COMMENTARY

Weighty Matters: Public Health Aspects of the Obesity Epidemic; Part V -- Treatments and Public Health Approaches to Combating the Problem

Martin Donohoe, MD, FACP

Disclosures

April 10, 2008

 

Introduction

Parts I though IV of this series covered medical, economic, and some public health aspects of the obesity epidemic. This final column examines treatments, as well as public health approaches to combating obesity.

 

Treatments for Obesity

Treatment for obesity involves decreasing caloric intake (especially simple carbohydrates, which can contribute to diabetes, and trans-fatty acids, which are highly atherogenic and increase risk of cardiovascular disease), exercising more, and possibly getting more sleep.[1] Adults should receive 45% to 65% of their calories from carbohydrates, 20% to 35% from fat, and 10% to 35% from protein.[2] However, with the exception of 1 trial conducted with individuals enrolled in Weight Watchers, the evidence to support the use of the major commercial and self-help weight loss programs is suboptimal.[3]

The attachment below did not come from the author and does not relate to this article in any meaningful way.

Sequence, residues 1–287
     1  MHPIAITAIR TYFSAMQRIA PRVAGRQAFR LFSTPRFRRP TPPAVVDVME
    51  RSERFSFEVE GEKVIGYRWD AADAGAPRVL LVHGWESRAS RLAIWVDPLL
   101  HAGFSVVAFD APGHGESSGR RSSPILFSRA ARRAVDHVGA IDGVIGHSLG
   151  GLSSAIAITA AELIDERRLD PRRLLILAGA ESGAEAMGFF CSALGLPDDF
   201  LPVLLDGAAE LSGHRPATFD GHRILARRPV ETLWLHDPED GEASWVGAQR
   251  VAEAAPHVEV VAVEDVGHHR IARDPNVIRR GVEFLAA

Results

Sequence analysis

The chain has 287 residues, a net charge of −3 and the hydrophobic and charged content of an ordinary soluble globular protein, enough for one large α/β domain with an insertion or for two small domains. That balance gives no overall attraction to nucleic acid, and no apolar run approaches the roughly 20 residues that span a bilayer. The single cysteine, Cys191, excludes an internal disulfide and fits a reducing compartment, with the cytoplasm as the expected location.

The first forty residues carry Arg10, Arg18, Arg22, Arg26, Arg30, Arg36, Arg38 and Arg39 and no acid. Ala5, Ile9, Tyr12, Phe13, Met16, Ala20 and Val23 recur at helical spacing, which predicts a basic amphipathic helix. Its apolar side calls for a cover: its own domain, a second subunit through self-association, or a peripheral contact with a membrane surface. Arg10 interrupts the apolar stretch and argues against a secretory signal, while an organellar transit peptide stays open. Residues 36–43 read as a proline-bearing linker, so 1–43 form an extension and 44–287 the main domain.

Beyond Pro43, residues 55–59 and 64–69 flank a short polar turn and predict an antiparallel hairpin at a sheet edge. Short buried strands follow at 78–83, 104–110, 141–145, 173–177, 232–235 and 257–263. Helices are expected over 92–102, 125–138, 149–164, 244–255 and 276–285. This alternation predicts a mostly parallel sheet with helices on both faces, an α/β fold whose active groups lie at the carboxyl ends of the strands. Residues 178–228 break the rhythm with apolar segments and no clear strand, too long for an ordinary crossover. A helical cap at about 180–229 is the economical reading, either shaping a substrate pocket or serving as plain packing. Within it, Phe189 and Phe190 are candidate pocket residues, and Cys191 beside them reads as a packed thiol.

In some countries, insurance companies cover obesity treatment. Although most in the United States do not, they do cover the myriad of expensive health consequences of obesity.[4] Americans spend an estimated $30 billion each year on diet pills, diet foods, exercise videos, health club dues, and other weight loss tools.[5]

Weight loss drugs are a 1-billion-dollar per year business in the United States.[6] One study showed that nearly 5 million US adults used prescription weight loss pills between 1996 and 1998.[7] However, one fourth of users were not overweight, suggesting that such medication may be used inappropriately. Use was especially common among women.